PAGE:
A coda to the "Leica Year" post—Leica's current owner revealed recently that the last two film Leicas, the MP and M7, were discontinued in 2009. (The cameras are still available new but are being sold out of what's called "new old stock," or NOS—meaning products that were already produced but have been stockpiled or warehoused. In this case, "NOS" may mean parts that are not yet completely assembled; I don't know.)
What this means is that the 35mm Leica camera had a run of 85 years and that a grand era has come to a close, not with a bang but a whimper.
The last 35mm Leica, the retro MP, was a direct descendant of the original Leica M camera, the M3, designed by Ernst Leitz II and Willi Stein, that debuted in 1953. The form factor lives on in the M9, but as a 35mm camera the design lasted 56 years. The changes made over those decades are, all things considered, surprisingly minor. It is surely the single most significant camera design in history—unless you consider the folding field view camera of the Deardorff type to be one design, which of course it really isn't.
I'd like to humbly reiterate one point I made at the very end of my three Leica Year posts: "...taking hold of the best of the recent past while it still retains a little currency and viability might be valuable too. Especially for the young, whose life journeys will take them farther away from it than us 'old guys' will ever get. Specifically, from the not-so-lofty perch of my modest 52 years, I'm convinced that any 20-year-old who spends a year shooting Tri-X with a Leica now will value that photographic experience more and more as the years of their own lives slip past, and as that method, and the possibility of that experience, slips ever more irretrievably into obscurity. I just can't imagine them regretting it, thirty years from now."
(Thanks to David Dyer-Bennet)
UPDATE (August 26th): The British Journal ofPhotography website, bjp-online.com, reported today that it has obtained a denial from Leica of the substance of the Asahi Camera article.
Send this post to a friend
Note: Links in this post may be to our affiliates; sales through affiliate links may benefit this site. More...
Original contents copyright 2010 by Michael C. Johnston and/or the bylined author. All Rights Reserved.
Featured Comment by Marcelo Guarini: "I have an M4 like the one in the picture but with the normal non-collapsible Summicron 50mm ƒ/2. It was given to me by my father when I finished my university studies, it was his camera. I still have it and shoot with it. It works so well. Here is one of the first pictures I grabbed with it:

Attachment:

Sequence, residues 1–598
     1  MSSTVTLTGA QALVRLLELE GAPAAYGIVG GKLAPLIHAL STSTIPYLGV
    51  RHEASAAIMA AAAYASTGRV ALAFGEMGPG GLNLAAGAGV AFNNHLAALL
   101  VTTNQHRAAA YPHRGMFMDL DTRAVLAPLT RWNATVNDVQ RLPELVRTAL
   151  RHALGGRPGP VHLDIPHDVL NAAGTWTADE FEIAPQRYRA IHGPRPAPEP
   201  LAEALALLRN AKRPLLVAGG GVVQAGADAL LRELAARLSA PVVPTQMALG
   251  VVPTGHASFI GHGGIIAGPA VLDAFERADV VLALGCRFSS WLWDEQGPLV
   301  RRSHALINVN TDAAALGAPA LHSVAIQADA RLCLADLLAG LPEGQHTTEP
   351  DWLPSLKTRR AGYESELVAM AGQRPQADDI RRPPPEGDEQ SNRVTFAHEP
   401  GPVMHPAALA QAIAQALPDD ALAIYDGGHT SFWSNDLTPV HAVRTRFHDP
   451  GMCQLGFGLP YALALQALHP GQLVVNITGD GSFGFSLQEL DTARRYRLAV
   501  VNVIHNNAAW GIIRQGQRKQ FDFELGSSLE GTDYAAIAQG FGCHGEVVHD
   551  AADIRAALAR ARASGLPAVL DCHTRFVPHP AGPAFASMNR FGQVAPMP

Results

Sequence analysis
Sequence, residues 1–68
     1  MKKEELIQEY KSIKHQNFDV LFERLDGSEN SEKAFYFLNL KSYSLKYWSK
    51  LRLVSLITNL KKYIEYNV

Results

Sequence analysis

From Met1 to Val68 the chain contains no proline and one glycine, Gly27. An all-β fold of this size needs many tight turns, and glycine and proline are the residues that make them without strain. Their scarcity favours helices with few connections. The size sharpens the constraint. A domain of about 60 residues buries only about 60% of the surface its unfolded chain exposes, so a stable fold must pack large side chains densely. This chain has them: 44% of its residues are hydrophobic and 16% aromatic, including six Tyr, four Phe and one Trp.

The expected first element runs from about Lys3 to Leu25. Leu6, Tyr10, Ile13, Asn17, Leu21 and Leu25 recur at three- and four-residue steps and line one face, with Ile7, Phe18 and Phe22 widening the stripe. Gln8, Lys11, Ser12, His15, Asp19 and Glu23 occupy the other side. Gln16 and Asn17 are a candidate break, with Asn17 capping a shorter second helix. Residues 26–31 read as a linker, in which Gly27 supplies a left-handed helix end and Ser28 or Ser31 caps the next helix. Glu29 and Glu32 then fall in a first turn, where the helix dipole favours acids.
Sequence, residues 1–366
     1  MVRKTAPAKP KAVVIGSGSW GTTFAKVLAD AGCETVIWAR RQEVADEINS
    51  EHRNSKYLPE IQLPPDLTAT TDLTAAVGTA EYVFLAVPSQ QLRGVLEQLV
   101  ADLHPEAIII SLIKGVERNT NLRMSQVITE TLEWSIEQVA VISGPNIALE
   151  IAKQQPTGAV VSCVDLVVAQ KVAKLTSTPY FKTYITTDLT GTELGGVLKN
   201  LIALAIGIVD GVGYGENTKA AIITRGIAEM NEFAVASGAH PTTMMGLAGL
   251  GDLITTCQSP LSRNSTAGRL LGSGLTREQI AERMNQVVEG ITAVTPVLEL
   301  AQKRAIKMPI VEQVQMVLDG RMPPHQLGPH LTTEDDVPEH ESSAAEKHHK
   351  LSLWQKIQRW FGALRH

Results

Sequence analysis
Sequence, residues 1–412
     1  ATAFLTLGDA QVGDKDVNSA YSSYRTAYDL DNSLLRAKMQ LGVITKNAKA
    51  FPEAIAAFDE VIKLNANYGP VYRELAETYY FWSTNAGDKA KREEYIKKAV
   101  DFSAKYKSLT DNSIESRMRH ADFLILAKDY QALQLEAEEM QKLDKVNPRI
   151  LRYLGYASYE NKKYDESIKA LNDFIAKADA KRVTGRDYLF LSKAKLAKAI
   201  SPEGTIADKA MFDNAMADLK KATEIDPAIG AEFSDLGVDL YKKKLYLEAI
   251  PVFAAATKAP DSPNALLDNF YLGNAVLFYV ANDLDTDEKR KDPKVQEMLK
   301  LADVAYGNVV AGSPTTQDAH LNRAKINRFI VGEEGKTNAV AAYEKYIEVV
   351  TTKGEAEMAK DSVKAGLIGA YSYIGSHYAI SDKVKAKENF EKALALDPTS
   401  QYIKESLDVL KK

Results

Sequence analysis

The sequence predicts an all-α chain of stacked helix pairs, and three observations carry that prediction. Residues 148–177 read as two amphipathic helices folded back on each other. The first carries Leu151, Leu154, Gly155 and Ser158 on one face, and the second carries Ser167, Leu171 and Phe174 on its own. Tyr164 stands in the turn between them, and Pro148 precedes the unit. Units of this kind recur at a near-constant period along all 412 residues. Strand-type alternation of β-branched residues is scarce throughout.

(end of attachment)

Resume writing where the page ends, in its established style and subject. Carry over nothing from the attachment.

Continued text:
Featured Comment by Dogman: "Seems like every time I post a comment on TOP, it ends up being misty-eyed nostalgia. So be it with the 'maybe/maybe not' passing of the Leica M 35mm. I've had the pleasure of owning three Leica Ms—an M4-P and two M6s. The M4-P was a 'gotta have it' camera but one that came along at a time I was unable to appreciate its unique capabilities. I was into view cameras back then and also working as a news photographer, using motor driven Nikons daily. Although I lusted after a Leica, when I finally got one I discovered it did not fit into the photography I was doing. So the camera and the wonderful Leitz lenses I had bought new were all sold.
"Years later, no longer working as a photographer but enjoying photography more than ever, I again lusted after a Leica. My photography had changed. The view cameras and the large format color landscape photography were in the past as was the grind of daily newspaper photography. I had set up a darkroom and my photography was more personal, a little off-beat and always done with HP5 or Tri-X. This time, the Leica fit right in with my purposes. I ended up with two M6 bodies. One of them had a 50mm Summicron attached, the other a 35mm Summicron, and seldom did I use any other focal lengths. While I agree with the concept of using one camera and one prime lens, I simply could not live without both the 35mm and 50mm lenses. Having a camera for each lens is the best of all possible worlds. If I could afford it, I would have two M9s right now with those two Summicrons attached to them.
"Fast forward to today and I haven't used the Leicas in nearly two years. The darkroom is shut down. I have a freezer full of film that I will likely never use. Like so many former analog shooters, now I take my pictures digitally, process them in the computer and print them on an inkjet printer. I have several digital cameras to use for various purposes and I believe my pictures are as good today as ever; however, I have no camera that feels as comfortable to use as the Leica.
"And that is the strong point of the Leica—to those who take the time to learn it, it is a comfortable camera. You kind of forget you're using a camera. You just see the real world within bright frame lines."